The Daily Item, Sunbury, PA


August 23, 2012

Police: Teens consumed dozens of cold medicine tablets in search of high

WATSONTOWN — Excessive noise drew borough police to a residence early Wednesday morning, where they found four teenagers “significantly impaired” from ingesting over-the-counter cold pills, the second such case in two weeks in Watsontown.

The teens, ranging in age from 13 to 18, took Mucinex DM, Coricidin and generic brands containing the drug dextromethorphan, police said.

One teen said they ingested 38 pills, according to police, who recovered 19 boxes of medicine from the home.

“We have a whole table full of (boxes) here,” said Cpl. Wade Danley of the Watsontown police.

The teens were taken to area hospitals for treatment, according to police.

Police are investigating how the teens got the medication — which authorities suspect came from several different locations — but unless retail theft is involved, the youths will not be charged, Danley said.

“Abuse of this stuff is not illegal in itself,” he said.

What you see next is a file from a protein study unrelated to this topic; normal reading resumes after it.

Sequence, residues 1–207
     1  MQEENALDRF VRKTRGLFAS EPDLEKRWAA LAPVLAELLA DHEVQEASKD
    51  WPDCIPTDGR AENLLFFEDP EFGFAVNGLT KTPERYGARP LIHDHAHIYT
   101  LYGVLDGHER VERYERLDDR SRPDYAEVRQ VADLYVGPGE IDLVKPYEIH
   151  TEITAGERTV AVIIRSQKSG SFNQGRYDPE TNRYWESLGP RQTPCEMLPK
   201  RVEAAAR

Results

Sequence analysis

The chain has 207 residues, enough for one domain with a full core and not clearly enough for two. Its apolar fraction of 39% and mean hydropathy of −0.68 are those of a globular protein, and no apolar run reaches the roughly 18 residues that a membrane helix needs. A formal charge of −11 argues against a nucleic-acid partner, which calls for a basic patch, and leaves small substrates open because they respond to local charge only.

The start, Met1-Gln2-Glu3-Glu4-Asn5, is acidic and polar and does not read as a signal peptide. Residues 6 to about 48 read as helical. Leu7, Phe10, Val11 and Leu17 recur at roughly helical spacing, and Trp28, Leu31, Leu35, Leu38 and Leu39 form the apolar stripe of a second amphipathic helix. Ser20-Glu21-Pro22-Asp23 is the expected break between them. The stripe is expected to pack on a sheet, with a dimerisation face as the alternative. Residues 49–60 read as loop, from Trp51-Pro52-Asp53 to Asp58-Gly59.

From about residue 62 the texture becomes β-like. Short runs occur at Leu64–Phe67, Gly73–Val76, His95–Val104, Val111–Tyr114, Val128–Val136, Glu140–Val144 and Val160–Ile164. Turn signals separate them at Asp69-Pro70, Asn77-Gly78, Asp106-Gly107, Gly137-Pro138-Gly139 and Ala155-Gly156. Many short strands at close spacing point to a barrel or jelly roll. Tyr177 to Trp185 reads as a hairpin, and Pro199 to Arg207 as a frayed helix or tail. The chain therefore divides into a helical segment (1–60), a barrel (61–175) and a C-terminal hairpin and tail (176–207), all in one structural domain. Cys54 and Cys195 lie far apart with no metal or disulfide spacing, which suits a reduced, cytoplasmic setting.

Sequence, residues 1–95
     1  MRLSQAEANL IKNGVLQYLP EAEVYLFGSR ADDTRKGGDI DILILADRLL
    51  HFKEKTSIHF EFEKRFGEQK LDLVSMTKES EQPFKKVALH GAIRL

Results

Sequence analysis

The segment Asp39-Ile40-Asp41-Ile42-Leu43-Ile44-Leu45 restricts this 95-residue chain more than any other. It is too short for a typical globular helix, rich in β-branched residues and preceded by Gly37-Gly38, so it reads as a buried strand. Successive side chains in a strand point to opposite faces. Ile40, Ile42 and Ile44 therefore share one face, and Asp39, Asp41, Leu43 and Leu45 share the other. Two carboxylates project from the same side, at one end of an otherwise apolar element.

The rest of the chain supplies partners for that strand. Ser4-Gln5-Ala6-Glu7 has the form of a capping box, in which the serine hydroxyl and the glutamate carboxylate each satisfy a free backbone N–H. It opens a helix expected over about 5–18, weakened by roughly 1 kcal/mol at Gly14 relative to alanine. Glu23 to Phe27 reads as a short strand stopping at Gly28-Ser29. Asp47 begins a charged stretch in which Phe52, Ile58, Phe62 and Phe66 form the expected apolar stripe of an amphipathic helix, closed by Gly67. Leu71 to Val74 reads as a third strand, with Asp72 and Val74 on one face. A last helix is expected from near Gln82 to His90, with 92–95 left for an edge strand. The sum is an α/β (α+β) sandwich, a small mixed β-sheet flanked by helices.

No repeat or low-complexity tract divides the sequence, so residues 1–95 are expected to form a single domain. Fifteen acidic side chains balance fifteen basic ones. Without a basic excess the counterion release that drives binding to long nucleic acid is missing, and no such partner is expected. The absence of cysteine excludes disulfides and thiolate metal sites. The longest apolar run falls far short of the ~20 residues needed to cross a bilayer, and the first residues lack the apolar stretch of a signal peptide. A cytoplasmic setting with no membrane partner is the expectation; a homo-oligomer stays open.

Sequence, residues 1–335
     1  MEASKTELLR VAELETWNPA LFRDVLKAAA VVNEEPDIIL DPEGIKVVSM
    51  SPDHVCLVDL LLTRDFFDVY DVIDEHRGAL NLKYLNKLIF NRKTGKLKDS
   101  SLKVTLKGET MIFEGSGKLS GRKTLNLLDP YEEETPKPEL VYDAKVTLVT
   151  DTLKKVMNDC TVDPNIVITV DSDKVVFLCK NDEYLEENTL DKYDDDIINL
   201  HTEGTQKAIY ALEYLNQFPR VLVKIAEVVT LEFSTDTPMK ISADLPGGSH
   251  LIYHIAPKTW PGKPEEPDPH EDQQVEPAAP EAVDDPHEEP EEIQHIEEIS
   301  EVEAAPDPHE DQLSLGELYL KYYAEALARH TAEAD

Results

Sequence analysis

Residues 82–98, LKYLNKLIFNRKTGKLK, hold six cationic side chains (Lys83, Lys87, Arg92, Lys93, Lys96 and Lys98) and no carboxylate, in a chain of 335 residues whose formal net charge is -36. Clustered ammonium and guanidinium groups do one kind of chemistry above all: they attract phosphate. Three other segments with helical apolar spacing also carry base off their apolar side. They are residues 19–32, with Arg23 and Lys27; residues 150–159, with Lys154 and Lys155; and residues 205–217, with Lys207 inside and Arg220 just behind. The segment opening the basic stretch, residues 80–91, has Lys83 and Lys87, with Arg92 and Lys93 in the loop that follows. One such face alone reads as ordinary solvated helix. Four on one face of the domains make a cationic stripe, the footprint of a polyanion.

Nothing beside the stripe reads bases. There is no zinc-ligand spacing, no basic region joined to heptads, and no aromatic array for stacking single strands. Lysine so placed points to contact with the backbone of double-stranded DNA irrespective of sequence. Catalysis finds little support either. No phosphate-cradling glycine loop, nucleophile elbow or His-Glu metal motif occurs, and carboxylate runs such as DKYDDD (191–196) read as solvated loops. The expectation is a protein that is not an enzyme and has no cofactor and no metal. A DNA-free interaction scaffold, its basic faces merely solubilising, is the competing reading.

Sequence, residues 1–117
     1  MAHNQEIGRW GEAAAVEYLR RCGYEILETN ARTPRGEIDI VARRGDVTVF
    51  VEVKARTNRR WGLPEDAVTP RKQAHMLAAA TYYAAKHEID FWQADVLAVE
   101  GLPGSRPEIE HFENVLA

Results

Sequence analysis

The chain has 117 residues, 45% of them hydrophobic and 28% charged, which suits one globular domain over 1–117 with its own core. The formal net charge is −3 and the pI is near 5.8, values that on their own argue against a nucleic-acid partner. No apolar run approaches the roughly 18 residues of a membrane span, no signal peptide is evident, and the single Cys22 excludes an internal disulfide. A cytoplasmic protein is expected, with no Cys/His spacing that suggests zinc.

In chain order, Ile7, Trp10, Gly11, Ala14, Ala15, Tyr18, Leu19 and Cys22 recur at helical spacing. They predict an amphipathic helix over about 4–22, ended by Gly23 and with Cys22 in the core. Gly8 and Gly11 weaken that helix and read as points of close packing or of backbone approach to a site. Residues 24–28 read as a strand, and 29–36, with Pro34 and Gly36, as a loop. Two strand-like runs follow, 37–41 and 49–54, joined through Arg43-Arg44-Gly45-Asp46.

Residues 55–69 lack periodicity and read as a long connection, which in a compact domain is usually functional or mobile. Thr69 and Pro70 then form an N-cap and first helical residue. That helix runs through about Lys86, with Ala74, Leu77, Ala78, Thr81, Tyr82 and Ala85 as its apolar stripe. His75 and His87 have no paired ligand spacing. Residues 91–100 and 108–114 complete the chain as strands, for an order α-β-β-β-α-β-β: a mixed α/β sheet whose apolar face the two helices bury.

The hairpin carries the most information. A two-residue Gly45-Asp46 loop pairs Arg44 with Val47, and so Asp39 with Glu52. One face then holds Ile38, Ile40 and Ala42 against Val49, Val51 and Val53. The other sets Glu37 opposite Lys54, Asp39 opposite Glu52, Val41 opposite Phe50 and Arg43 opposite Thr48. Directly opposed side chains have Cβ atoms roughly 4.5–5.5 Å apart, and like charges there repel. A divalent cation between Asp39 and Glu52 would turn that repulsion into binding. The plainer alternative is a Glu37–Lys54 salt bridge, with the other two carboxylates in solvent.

Last week, police responded to an incident in which an 18-year-old man had taken 18 Mucinex DM pills and became “seriously impaired,” police said.

Dextromethorphan can be fatal in extremely high doses, according to Kathy Grandizio-Stephens, owner and pharmacist at the Danville Pharmacy.

“When they’re (doing this) they don’t realize that it can go further,” she said. “I don’t really think that people realize how dangerous these over-the-counter medications can be when they are abused.”

A box of Coricidin containing dextromethorphan sells for $5.89 at the Danville Pharmacy, Grandizio-Stephens said, but the relatively low price hasn’t stopped people from trying to steal the products. Several months ago, staff at the pharmacy discovered a box of cough medicine emptied in the store’s bathroom, Grandizio-Stephens said.

Now, the medicines are shelved near the register, where staff can monitor them. Grandizio-Stephens also said she keeps only two boxes per product on the shelf and won’t sell to minors without parental consent.

“This,” she said, “is definitely an issue.”


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